One of the best moments of Monsieur Lazhar by the Québécois writer-director Philippe Falardeau comes when 12-year-old Marie-Frédérique (Marie-Eve Beauregard) rises in the midst of an impromptu (and forbidden) class discussion about the suicide of a teacher and says this: “Everyone thinks we’re traumatized by Martine’s suicide, but it’s the adults who are really.” The discussion has been forbidden on the advice of the school psychologist (Nicole-Sylvie Lagarde), acting as specialist grief counselor. She, by teaching them that grief is the province of some “expert” prepared to treat it as a pathological condition, would have robbed these children of the vital experience of learning how to deal with a normal but painful part of life. That the discussion breaks out anyway is thanks to their new Algerian teacher, the eponymous Monsieur Lazhar (Fellag) who, uncorrupted by specialist educational training, is generally prepared to disregard unnecessary and harmful rules laid down by those more expert than he.
To get the full impact of Marie-Frédérique’s moment of blinding insight, you have to take it in the context of an earlier discussion between her insufferable yuppie parents (Stéphane Demers and Nathalie Costa) and Monsieur Lazhar at a parents’ evening. Clearly, they have not come to learn anything from him about their daughter but rather to instruct him, in an offensively patronizing way, about how he should do his job. Equally clearly, Marie-Frédérique understands her parents and the adult world generally far better than they understand her or the educational process that must increasingly take place out of their sight, if it is to take place at all. One gathers that parents like these are not untypical these days, though they or anything like them would have been almost unheard of when I was a teacher.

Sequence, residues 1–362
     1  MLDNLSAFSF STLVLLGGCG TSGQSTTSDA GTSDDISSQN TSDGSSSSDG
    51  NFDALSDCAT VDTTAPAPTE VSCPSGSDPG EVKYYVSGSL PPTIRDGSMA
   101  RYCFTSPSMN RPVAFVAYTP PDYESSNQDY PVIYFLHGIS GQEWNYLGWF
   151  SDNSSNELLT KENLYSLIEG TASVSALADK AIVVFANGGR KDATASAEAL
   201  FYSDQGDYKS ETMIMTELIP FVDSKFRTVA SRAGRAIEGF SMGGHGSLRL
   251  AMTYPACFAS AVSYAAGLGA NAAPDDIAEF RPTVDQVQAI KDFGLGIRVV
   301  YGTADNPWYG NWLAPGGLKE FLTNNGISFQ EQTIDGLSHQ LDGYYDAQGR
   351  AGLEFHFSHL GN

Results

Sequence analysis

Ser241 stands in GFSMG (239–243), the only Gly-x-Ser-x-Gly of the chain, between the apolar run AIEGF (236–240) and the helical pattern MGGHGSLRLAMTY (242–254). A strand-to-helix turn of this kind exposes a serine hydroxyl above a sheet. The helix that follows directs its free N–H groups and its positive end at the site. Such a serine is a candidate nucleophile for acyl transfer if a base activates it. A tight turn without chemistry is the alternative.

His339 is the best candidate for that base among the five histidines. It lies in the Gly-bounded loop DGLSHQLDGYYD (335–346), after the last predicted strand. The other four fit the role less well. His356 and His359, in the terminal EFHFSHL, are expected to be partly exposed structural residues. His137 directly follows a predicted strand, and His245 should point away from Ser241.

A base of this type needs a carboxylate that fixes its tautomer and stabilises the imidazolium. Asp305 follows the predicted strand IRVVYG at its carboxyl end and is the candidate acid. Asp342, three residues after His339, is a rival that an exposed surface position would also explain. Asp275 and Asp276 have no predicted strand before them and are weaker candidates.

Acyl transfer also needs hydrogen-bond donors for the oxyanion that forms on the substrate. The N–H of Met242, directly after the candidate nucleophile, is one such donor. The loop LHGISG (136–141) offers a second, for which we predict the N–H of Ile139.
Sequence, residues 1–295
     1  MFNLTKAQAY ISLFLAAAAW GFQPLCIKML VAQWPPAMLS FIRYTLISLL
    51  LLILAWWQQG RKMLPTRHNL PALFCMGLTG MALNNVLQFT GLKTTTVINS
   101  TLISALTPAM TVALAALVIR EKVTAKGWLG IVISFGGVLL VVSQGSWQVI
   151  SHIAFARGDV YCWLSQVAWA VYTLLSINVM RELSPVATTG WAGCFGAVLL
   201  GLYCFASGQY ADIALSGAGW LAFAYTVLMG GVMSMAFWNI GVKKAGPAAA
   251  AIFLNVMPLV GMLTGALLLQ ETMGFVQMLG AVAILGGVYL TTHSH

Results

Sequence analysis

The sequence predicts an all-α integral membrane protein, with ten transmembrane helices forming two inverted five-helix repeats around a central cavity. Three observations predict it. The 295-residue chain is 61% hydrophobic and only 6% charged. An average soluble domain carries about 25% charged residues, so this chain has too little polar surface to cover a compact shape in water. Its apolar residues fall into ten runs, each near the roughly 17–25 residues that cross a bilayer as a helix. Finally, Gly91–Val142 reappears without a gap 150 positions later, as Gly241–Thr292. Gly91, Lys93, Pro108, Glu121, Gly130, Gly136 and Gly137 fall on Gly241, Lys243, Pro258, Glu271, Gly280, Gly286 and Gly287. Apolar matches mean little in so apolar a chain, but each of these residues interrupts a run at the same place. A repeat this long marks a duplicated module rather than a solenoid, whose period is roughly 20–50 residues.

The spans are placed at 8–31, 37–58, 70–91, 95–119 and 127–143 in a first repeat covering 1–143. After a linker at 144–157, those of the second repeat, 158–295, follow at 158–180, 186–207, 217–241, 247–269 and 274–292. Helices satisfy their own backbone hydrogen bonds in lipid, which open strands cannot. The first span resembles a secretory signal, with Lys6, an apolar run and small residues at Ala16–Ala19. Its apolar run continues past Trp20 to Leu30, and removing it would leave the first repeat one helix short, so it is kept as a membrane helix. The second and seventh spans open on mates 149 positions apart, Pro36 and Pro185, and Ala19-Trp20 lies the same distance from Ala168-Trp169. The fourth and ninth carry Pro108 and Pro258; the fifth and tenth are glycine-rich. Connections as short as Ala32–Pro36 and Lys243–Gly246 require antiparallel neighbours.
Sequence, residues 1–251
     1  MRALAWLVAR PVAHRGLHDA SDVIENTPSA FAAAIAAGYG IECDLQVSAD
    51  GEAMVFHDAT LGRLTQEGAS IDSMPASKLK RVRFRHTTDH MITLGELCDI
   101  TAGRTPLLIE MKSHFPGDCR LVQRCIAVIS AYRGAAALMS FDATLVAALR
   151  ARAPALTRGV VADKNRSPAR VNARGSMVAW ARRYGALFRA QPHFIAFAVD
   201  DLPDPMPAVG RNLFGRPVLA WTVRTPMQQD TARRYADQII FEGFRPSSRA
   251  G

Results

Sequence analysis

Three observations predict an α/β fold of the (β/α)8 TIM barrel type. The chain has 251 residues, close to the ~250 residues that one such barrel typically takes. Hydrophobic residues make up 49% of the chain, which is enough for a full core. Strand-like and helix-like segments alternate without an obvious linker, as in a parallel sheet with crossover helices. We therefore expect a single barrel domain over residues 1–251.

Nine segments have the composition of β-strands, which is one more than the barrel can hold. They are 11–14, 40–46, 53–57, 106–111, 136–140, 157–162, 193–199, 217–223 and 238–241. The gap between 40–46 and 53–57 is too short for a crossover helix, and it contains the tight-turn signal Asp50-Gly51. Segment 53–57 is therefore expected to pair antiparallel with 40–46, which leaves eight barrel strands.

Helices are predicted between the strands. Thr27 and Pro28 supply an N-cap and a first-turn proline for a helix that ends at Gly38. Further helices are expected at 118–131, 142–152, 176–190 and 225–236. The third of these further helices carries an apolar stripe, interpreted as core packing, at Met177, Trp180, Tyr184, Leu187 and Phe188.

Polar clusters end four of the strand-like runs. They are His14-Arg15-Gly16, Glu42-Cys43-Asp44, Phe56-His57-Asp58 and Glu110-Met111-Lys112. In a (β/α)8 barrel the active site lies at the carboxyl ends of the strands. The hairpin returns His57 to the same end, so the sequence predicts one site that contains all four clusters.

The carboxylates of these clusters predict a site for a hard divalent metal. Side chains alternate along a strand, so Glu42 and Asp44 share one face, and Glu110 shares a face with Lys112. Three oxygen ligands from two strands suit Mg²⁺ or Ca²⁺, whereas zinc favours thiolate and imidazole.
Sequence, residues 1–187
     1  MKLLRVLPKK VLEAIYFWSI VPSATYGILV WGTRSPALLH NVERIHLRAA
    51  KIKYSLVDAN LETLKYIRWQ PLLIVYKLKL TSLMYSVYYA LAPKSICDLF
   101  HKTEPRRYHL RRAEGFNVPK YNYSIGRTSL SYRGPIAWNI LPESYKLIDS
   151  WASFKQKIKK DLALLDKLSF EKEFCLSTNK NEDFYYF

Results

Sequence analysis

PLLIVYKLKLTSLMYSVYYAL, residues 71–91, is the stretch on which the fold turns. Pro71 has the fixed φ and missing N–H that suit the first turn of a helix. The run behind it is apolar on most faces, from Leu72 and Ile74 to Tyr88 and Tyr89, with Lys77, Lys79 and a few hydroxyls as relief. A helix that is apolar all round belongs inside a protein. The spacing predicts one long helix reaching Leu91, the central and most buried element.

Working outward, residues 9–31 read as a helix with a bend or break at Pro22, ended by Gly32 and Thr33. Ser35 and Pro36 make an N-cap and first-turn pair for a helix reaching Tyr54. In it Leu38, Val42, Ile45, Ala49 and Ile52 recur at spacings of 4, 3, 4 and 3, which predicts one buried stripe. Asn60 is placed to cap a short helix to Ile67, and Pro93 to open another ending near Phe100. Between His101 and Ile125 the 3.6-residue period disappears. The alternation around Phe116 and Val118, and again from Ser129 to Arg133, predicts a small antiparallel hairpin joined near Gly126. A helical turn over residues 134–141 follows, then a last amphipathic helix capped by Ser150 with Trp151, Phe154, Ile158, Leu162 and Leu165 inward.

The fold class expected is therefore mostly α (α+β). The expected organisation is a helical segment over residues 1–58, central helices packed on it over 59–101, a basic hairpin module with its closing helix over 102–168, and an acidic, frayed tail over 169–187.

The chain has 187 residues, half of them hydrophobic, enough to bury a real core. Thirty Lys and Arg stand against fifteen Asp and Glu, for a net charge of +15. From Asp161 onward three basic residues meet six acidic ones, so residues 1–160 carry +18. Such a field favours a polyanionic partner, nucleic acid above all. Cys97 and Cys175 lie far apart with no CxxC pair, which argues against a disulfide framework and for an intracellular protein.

This is just one of the ways in which the film shows us how the inevitably two-way process of educating the young has been narrowed and restricted to the point where it is being utterly stifled, all supposedly in the interests of the young, and for their better protection from the shocks and hazards of the adult world, but in fact to their very considerable detriment. In fact, Monsieur Lazhar is really a critique of today’s educational orthodoxies but one which is well-disguised from the dominant culture that routinely defers to those orthodoxies. The disguise takes the form of the twin emotional traumas at the movie’s heart: the suicide of the former teacher and the terrible, searing bereavement suffered by the new teacher, M. Lazhar, whose whole family (a wife and two daughters) have been murdered by terrorists in Algeria on the eve of their departure for Canada.
Emotionally, the bond that develops between teacher and pupils as a result of their shared experience of grief is so compelling that it may be easy to overlook the film’s scathing criticism of received opinion — which must be why it even gets the imprimatur, sort of, of the New York Times: